The bill would “siphon” that money away from low income energy assistance programs that benefit low income people who are desperately trying to keep the lights on and stay warm in the winter and transfer it to rebates to wealthy people buying new cars.

That is a moral outrage.

Spotlight then reports a correction to prior reporting – without noting that it is a correction – by carefully noting that the bill does NOT provide new money or increase ratepayer surcharges, but, as we previously correctly pointed out, merely authorized BPU to increase those surcharges in the future:

It also opens the way for the state to raise additional funds to finance expansion of the charging infrastructure to reduce range anxiety of motorists, who fear they’ll be left stranded with no place to recharge their vehicles.

This completely undermines Spotlight’s prior and consistent reporting about so called rate increases to pay for the program and exposes industry opposition as based on exaggerations (which Spotlight continues to print, despite the fact that they know these claims are false).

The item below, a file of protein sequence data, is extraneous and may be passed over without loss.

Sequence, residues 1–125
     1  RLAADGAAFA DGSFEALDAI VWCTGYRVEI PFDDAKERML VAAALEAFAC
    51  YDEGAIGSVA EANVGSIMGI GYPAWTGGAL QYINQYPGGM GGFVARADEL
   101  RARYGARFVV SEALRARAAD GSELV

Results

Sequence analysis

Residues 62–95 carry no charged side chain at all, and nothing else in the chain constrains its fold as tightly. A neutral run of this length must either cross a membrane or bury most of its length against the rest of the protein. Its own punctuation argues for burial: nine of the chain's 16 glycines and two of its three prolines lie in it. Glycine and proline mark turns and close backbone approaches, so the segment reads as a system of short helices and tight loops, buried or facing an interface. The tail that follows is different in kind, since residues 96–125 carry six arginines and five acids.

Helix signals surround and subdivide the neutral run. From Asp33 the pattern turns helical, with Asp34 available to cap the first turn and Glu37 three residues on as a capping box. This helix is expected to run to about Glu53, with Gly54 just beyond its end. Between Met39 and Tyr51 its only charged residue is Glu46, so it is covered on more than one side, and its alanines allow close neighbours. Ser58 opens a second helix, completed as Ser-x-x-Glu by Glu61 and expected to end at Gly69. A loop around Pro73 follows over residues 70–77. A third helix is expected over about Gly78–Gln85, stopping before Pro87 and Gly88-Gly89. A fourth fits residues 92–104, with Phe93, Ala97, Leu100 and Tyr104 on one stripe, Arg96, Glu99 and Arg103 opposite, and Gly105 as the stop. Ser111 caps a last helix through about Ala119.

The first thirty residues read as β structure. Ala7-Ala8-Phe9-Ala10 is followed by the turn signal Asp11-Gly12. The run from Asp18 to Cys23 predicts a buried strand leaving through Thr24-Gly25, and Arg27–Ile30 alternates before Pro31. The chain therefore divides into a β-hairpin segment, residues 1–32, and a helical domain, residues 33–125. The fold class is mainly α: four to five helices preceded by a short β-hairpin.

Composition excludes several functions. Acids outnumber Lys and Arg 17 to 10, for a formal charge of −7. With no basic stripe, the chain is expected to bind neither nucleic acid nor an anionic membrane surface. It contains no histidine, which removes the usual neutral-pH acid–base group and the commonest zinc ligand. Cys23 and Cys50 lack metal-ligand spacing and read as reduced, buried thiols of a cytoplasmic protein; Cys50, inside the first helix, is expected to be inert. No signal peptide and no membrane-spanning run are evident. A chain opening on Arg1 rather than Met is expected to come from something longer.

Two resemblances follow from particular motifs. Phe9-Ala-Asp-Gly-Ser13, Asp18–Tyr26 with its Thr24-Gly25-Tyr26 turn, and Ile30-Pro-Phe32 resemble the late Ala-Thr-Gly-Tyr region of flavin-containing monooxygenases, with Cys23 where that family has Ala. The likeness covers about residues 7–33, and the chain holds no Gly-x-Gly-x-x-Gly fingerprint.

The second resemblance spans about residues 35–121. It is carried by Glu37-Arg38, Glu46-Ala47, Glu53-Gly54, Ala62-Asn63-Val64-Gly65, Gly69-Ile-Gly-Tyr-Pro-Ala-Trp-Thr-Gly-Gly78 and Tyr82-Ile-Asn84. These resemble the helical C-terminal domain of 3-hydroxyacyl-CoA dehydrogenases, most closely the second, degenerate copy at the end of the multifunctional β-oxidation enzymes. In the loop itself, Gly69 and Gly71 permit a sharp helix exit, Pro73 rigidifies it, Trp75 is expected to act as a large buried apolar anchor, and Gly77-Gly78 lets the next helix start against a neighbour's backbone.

And, of course, Spotlight closes the story with the (unqualified) perspective of climate criminal Jim Benton of the NJ Petroleum Council.

All this amounts – at best – to serious bias.

More on the fact free Browner nuclear Op-Ed in a future post.

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Murphy DEP Rules Exclude Climate Change In Infrastructure Planning

January 6th, 2020 No comments

Murphy DEP Dodge On The PennEast Pipeline Masks Major Regulatory Flaws

Widely Denounced Trump NEPA Rollback Actually Reflects Current NJ Regulatory Policy

Last week, the NY Times reported that the Trump administration was rolling back environmental impact statement review requirements for infrastructure regarding climate change impacts:

Trump Rule Would Exclude Climate Change in Infrastructure Planning